It was two years ago, also around Tax Day, that I first linked to this piece by Rust Belt Intellectual on taxes (he thinks they’re too low) and the historical roots of anti-tax sentiment in the United States. (Hint: it’s not from the latte-sipping new Englanders.)
On the latter, he looks at some outside scholarship on the issue. I suggest you click through to his post; if you’re not inclined, I’ll quote at length:
Berkeley historian Robin Einhorn has written a brilliant study of the origins of Americans’ aversion to high taxes. I recommend reading her book, American Taxation, American Slavery. Here are some of her insights:
Americans are right to think that our antitax and antigovernment attitudes have deep historical roots. Our mistake is to dig for them in Boston. We should be digging in Virginia and South Carolina rather than in Massachusetts or Pennsylvania, because the origins of these attitudes have more to do with the history of American slavery than the history of American freedom. They have more to do with protections for entrenched wealth than with promises of opportunity, and more to do with the demands of privileged elites than with the strivings of the common man. Instead of reflecting a heritage that valued liberty over all other concerns, they are part of the poisonous legacy we have inherited from the slaveholders who forged much of our political tradition.
America’s anti-tax tradition, she argues, is one of slavery’s many strange fruits.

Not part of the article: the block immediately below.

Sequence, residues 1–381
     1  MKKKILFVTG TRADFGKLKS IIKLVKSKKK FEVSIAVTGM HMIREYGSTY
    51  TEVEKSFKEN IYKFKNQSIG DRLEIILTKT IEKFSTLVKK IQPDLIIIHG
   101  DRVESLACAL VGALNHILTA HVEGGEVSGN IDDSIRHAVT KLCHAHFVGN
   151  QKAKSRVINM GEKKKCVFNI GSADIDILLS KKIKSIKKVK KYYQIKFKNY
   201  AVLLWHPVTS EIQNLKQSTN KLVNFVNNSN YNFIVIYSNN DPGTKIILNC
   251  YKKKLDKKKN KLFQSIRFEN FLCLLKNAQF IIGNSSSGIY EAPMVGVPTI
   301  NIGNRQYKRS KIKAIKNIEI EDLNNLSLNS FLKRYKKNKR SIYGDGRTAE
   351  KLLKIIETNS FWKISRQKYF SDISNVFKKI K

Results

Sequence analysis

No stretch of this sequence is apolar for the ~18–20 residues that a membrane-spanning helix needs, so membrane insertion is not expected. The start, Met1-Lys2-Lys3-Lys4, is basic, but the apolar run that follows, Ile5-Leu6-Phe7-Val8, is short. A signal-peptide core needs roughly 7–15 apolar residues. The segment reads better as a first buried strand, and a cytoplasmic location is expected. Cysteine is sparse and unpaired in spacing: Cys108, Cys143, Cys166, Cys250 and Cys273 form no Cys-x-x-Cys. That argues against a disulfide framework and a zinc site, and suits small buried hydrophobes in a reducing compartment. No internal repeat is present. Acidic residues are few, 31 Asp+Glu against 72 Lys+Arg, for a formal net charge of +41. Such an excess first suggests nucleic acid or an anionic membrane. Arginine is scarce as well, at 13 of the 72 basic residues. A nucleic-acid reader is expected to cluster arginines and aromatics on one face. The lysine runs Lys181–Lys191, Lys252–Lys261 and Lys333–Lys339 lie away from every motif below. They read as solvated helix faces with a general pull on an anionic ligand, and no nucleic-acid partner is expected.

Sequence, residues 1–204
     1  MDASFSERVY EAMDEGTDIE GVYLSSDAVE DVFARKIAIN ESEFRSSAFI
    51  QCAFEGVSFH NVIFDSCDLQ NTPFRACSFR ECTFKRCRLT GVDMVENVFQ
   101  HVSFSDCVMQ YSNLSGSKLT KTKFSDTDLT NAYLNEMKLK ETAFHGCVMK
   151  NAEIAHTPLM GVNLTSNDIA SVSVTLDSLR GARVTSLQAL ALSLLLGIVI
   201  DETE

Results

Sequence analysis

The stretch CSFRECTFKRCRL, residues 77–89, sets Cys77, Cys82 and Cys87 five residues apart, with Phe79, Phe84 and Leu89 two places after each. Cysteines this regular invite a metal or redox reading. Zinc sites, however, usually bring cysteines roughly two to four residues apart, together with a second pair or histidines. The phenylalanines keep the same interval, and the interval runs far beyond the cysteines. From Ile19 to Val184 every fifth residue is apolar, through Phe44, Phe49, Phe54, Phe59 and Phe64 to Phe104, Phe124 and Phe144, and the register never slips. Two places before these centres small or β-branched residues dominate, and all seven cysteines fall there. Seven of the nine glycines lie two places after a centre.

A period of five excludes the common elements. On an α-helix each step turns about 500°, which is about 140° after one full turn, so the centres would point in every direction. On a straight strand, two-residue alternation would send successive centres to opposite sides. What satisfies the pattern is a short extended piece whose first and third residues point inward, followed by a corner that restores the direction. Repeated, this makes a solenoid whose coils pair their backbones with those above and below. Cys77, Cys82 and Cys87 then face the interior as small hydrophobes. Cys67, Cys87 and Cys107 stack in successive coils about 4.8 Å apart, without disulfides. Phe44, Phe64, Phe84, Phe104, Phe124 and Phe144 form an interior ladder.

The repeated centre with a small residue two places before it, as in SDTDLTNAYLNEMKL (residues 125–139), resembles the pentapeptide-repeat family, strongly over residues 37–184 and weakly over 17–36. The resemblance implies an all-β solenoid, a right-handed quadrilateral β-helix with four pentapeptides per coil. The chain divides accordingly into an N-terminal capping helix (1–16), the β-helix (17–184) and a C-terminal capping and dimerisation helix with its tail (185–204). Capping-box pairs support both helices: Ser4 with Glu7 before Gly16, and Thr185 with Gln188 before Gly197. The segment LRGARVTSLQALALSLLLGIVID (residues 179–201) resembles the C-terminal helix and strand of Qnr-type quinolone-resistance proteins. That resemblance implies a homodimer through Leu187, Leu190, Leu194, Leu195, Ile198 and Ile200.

[S]laveholders had different priorities than other people—and special reasons to be afraid of taxes. Slaveholders had little need for transportation improvements (since their land was often already on good transportation links such as rivers) and hardly any interest in an educated workforce (it was illegal to teach slaves to read and write because slaveholders thought education would help African Americans seize their freedom). Slaveholders wanted the military, not least to promote the westward expansion of slavery, and they also wanted local police forces (“slave patrols”) to protect them against rebellious slaves. They wanted all manner of government action to protect slavery, while they tended to dismiss everything else as wasteful government spending.
Her sobering conclusion:
The irony is that the slaveholding elites of early American history have come down to us as the champions of liberty and democracy. In a political campaign whose audacity we can only admire, charismatic slaveholders persuaded many of their contemporaries—and then generations of historians looking back—that the elites who threatened American liberty in their era were the nonslaveholders! Today, this brand of politics looks eerily familiar. We have experience with political parties that attack “elites” in order to rally voters behind policies that benefit elites. This is what the slaveholders did in early American history, and they did it very well. Expansions of slavery became expansions of “liberty,” constitutional limitations on democratic self-government became defenses of “equal rights,” and the power of slaveholding elites became the power of the “common man.” In the topsy-turvy political world we have inherited from the age of slavery, the power of the majority to decide how to tax became the power of an alien “government” to oppress “the people.”
If we throw off the yoke of slavery, we might recover the lost promise of the Boston Tea Party: that taxation and liberty are fundamentally compatible.
All true, and on an almost as important matter, I have embedded the Life of Brian scene above that was nabbed by the copyright police on RBI’s original post, and inspired the post’s title. Just staying one step ahead of the law.